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Élisabeth Vigée-Lebrun reproduction paintings

Élisabeth Vigée-Lebrun

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Élisabeth Vigée-Lebrun

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Élisabeth Louise Vigée Le Brun, also known as Madame Le Brun, was a French portrait painter, especially of women, in the late 18th and early 19th centuries.

Her artistic style is generally considered part of the aftermath of Rococo with elements of an adopted Neoclassical style. Her subject matter and color palette can be classified as Rococo, but her style is aligned with the emergence of Neoclassicism. Vigée Le Brun created a name for herself in Ancien Régime society by serving as the portrait painter to Marie Antoinette. She enjoyed the patronage of European aristocrats, actors, and writers and was elected to art academies in ten cities.

Vigée Le Brun created 660 portraits and 200 landscapes. In addition to many works in private collections, her paintings are owned by major museums, such as the Louvre Paris, Uffizi Florence, Hermitage Museum Saint Petersburg, National Gallery in London, Metropolitan Museum of Art in New York and many other collections in continental Europe and the United States.

Between 1835 and 1837, when Vigée Le Brun was in her 80s, she published her memoirs in three volumes (Souvenirs).

Vigée-Le Brun was born in 1755 to humble Parisian beginnings. She exhibited a gift for the arts from a young age, although she was rejected from formal training based on her gender. Instead, the aspiring artist worked in a history painter’s atelier, took oil painting lessons, and visited the city’s most important galleries. By the 1770s, she was taking clients. By 1783, she had claimed one of the four seats reserved for women at the Academy due to direct intervention from Queen Marie Antoinette, her most famous subject, and King Louis XVI.

Her dizzying, convention-breaking rise to fame was made possible by the rapidly changing world around her. She had a unique understanding of the new style of modern individuals. Vigée-Le Brun portrayed her sitters as natural and naturally glamorous, a talent "going to a super-intuitive stylist that will make you look perfect for Instagram."

This gift for transformation and Vigée-Le Brun’s more radical beliefs were on display during the artist’s first Salon in 1783. In a departure from the structured courtly style, her submission Marie Antoinette in a Chemise Dress (1783) shows the queen in a loose-fitting muslin frock, hair unadorned, holding a rose. A self-proclaimed royalist, Vigée-Le Brun meant to reimagine royalty with modern, individualist aspirations toward authenticity, transparency, and natural virtue. To Vigée-Le Brun—and, indeed, to Marie Antoinette—the painting respected the ideas popularized by Enlightenment philosopher Jean-Jacques Rousseau, ideas upon which the 1789 French Revolution would be built.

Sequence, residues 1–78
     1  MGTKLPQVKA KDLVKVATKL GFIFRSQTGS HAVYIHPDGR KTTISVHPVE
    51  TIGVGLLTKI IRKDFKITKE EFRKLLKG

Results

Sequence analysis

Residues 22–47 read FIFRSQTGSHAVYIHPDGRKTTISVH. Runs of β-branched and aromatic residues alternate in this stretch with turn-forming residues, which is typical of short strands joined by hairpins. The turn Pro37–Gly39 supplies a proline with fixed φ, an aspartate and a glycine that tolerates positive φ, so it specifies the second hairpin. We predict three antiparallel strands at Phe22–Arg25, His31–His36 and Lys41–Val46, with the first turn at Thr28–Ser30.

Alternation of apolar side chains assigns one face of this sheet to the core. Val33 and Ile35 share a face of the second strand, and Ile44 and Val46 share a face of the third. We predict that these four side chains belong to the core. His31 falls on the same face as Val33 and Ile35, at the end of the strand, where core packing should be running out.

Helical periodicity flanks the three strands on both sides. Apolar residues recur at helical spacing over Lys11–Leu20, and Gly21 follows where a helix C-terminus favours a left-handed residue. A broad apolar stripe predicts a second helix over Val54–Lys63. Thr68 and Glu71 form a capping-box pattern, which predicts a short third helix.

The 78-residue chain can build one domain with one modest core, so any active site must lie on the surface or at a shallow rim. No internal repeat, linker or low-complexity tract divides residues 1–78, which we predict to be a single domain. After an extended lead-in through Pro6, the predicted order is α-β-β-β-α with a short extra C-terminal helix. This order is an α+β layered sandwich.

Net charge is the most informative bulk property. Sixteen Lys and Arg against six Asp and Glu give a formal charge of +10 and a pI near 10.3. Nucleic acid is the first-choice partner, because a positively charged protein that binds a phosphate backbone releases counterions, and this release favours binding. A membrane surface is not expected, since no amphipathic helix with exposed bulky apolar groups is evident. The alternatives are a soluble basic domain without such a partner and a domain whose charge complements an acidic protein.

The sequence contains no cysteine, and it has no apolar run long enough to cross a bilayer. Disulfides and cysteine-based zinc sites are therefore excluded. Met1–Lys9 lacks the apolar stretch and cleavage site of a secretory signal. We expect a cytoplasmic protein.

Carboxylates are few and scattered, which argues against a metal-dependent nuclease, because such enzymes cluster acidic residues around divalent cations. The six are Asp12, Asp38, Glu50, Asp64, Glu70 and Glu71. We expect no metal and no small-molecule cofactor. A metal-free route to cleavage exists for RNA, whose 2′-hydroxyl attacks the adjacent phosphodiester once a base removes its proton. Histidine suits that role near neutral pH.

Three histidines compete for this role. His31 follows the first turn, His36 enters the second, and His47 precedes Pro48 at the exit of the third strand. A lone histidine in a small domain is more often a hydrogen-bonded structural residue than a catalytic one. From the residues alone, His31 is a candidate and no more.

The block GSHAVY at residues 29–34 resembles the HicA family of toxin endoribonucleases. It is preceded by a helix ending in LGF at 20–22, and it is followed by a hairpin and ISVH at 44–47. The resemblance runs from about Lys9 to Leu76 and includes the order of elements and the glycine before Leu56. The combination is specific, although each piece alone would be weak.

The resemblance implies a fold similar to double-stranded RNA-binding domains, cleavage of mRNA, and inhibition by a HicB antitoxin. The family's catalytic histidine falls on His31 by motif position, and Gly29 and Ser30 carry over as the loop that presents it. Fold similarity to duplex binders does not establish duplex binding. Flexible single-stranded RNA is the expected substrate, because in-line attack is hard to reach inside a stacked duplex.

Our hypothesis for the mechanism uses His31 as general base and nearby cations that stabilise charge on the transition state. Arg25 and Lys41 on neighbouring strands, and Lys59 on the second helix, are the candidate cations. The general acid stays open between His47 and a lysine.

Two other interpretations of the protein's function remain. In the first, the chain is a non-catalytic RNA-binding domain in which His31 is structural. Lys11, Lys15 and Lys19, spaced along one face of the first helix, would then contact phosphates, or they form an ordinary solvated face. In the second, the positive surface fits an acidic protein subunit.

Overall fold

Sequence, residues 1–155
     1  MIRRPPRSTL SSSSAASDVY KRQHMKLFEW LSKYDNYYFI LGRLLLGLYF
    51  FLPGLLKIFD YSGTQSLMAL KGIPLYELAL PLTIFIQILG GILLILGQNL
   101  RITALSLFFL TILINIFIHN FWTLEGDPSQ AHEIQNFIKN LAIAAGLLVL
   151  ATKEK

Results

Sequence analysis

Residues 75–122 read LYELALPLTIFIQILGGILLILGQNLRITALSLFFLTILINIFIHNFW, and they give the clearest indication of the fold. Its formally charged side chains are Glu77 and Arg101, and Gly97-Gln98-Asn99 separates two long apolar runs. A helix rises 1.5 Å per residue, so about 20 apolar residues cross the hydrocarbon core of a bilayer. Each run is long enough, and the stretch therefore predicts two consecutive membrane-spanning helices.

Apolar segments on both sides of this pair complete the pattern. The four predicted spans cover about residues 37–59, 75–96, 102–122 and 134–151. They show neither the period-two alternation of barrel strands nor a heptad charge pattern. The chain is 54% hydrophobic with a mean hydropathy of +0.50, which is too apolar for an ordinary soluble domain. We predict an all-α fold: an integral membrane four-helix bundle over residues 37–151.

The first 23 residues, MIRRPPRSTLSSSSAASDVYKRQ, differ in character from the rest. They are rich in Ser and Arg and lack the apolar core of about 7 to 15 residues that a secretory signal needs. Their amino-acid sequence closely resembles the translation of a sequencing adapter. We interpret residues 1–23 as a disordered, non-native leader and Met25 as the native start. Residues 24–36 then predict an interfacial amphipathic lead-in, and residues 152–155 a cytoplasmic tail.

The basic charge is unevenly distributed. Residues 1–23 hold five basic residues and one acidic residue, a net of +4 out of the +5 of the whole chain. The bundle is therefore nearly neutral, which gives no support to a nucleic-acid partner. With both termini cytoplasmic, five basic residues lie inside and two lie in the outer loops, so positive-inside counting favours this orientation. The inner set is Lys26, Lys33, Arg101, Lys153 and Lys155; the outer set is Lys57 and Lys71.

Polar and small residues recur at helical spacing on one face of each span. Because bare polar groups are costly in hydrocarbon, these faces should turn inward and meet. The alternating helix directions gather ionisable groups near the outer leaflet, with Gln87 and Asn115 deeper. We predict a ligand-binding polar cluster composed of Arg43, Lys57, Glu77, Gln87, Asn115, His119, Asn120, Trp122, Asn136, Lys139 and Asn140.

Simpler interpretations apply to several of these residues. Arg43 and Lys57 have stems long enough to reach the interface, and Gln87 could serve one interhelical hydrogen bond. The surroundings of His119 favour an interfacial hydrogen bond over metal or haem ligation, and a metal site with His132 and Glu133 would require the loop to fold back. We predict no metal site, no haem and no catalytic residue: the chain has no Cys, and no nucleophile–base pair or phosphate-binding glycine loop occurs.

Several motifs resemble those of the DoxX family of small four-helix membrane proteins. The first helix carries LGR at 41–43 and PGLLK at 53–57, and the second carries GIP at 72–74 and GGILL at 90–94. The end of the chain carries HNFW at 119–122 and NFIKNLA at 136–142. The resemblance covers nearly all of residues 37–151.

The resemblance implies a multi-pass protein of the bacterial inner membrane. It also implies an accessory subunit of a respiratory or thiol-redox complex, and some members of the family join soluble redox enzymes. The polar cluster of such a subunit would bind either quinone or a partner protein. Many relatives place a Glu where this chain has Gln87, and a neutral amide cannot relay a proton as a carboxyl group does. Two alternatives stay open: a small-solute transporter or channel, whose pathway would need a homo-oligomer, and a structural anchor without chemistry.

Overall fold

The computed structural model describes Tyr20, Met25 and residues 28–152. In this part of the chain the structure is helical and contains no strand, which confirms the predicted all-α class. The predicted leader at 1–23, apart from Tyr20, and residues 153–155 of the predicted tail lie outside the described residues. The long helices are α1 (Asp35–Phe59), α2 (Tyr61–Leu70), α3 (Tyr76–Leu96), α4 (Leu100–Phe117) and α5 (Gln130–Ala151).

However, to her contemporaries at the Salon, this styling was frivolous, inelegant, and inappropriate for a queen. That was one of those collision courses that was bound to end in a terrible accident. The Queen was attracted to everything pleasant and comfortable about being a modern individual, but she wanted to hang on to the prerogatives of being queen. No one wanted to obey and pay taxes to a modern individual. Vigée-Le Brun’s portrait was removed shortly after its unveiling, though its aesthetics would remain popular with the Queen and the aristocratic community.

Critics also pilloried Vigée-Le Brun for her very presence in the 1783 Salon. For many, it was impossible to believe that a woman could—or would—display her professional achievements so publicly as in the Salon. She was scathing as it was; this review points to one of the profound contradictions of Vigée-Le Brun’s work. By professionalizing and publicizing her talent, Vigée-Le Brun was breaching the Rousseauian ideas she championed. Despite his efforts to liberate humanity, Rousseau was “very conservative” toward women. Both parents were necessary for the stable rearing of a child—but a woman’s role was purely domestic. It did not extend beyond the crucial bearing, nurturing, and nourishing of offspring.

Vigée-Le Brun reasoned that men's rights must logically include women's rights. For this, Vigée-Le Brun deserves recognition as a critical painter of 18th-century France—or maybe something more. Her move into the public domain was so radical for a woman. In a way, she was the most radical painter of the period.

Most paintings Élisabeth Vigée-Lebrun did are about Portrait, Nude, and other subjects.

Most of the artist's works that can be seen by the public today are now kept in museums like Château de Versailles, The State Hermitage Museum - St Petersburg, Musée du Louvre, and others.

Famous Élisabeth Vigée-Lebrun period artists include Joseph Mallord William Turner (British, 1775 -1851), William James Müller (British, 1812 -1845), Thomas Lawrence (British, 1769 -1830), William Etty (British, 1787 -1849), John Constable (British, 1776 -1837), Gilbert Stuart (American, 1755 -1828), George Morland (British, 1763 -1804), Caspar David Friedrich (German, 1774 -1840), Karl Pavlovich Brulloff (Russian, 1799 -1852), Thomas Cole (British, 1801 -1848), John Sell Cotman (British, 1782 -1842), John Hoppner (British, 1758 -1810), and others.

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